Hybrid Real Estate
Hybrid Real Estate
Robin Troy, Hybrid Real EstatePhone: (541) 914-0214
Email: [email protected]

Financial Tips Every New Homeowner Should Know

by Robin Troy 10/10/2021


Photo by William Fortunato from Pexels

Buying a home is a big decision made up of dozens of smaller decisions. With so many moving parts in the process it's difficult to know you’re making the best choices. Some of the most important choices in buying a home have to do with finances. Here we will go over some tips to avoid common financial mistakes when buying a home.

Talk to More Than One Lender

One of the biggest mistakes first-time homebuyers can make is talking to only one lender. It’s extremely beneficial to shop around for mortgage quotes and carefully weigh the different term options. Getting quotes from multiple lenders will help you find the best interest rate, down payments and closing costs for your situation. Talking to multiple lenders also means you can negotiate for a better deal by leveraging another lender’s offer. It might feel like a lot of back-and-forth, but the more you prepare and educate yourself about a mortgage decision, the happier you’ll be.

Look Into Other Loan Programs

Don’t forget that there are other mortgage options than banks and lending firms. Look into other options like FHA, VA or USDA loans, especially if you want a low down payment. There are also first-time homebuyer programs run by state governments that are available to help you afford a mortgage. Research these options and see if you qualify, otherwise you might miss out on a big savings opportunity.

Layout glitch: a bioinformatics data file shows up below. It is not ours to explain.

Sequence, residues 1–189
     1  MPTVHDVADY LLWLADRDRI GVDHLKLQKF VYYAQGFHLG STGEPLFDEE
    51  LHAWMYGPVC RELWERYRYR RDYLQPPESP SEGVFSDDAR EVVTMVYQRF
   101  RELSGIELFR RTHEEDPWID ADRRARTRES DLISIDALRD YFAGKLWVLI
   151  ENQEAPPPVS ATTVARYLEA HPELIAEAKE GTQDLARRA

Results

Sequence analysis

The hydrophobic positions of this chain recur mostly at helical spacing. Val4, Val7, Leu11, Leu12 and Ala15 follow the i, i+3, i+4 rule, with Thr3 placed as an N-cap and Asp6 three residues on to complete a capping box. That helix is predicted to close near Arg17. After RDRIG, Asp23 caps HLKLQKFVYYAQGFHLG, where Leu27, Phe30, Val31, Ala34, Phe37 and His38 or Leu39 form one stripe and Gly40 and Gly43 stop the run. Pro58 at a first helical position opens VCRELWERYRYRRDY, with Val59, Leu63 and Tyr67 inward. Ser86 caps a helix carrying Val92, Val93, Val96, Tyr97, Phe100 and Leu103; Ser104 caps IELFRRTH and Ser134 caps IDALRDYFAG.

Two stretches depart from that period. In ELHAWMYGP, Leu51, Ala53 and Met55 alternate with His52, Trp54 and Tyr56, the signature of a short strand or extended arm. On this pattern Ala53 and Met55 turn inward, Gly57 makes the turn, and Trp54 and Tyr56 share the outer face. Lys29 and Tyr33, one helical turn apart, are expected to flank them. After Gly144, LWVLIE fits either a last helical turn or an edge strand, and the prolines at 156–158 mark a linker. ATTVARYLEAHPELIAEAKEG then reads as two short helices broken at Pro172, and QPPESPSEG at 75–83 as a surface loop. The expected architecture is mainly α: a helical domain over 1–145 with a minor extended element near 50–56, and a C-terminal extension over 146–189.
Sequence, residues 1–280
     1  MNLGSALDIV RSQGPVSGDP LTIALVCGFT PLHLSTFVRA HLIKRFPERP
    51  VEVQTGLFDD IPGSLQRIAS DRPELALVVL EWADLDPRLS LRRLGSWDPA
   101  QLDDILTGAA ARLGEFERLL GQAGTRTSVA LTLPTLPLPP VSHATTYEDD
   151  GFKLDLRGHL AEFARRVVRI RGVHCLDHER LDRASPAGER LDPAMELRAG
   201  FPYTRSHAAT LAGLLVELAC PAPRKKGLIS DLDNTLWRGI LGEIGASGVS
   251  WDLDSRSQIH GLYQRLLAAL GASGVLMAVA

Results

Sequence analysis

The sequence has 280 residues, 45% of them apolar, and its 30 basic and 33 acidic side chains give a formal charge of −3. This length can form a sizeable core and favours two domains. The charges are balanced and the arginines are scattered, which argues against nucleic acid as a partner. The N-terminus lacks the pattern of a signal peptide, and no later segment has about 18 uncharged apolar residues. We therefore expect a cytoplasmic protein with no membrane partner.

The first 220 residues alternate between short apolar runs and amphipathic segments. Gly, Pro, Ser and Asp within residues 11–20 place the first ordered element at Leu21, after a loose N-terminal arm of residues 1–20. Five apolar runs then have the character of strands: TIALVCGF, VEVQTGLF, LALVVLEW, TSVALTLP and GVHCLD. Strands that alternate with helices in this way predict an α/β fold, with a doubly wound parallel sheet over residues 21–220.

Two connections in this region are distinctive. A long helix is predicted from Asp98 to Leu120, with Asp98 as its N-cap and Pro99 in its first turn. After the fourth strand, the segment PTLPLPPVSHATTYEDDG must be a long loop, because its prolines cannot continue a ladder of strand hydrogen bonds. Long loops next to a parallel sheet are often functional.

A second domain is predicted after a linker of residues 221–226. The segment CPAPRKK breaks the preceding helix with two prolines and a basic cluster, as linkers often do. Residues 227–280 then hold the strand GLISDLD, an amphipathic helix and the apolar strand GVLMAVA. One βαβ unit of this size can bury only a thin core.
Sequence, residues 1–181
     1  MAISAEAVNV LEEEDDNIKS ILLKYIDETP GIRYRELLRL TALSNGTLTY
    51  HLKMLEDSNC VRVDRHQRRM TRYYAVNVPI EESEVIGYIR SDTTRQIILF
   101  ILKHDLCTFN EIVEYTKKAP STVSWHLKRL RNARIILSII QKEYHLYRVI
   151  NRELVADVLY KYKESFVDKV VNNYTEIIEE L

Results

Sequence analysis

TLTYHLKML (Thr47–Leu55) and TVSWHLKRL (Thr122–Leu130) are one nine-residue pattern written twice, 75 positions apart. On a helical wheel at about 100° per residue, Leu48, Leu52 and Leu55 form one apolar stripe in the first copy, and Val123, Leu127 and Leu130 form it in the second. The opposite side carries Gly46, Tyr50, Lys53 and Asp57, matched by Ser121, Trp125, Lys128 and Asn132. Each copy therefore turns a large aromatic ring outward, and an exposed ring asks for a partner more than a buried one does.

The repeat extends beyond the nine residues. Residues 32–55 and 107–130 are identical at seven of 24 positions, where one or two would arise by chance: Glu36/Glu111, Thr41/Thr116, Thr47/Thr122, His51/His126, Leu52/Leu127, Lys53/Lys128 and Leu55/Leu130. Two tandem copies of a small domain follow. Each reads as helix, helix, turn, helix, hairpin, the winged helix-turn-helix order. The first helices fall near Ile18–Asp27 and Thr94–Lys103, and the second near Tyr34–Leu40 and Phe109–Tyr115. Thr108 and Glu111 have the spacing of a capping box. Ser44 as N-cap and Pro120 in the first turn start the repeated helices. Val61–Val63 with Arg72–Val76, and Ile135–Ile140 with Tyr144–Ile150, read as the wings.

Keep Your Credit Stable

The home buying process can take a long time. Even after the seller approves your offer, it can be weeks or more until the transaction fully closes. Many homebuyers use this period to plan for things like appliances or other moving costs, which is always a good idea. However, avoid opening up a new line of credit or applying for any sort of short-term loan before you close. It might feel like the process is stagnated, but mortgage lenders will pay attention to the stability of your credit score. If your score changes due to applying for credit, your lender may even change the terms of the mortgage—typically by increasing the interest rate. Avoid the temptation to borrow more money until after the closing date, and you’ll avoid the risk.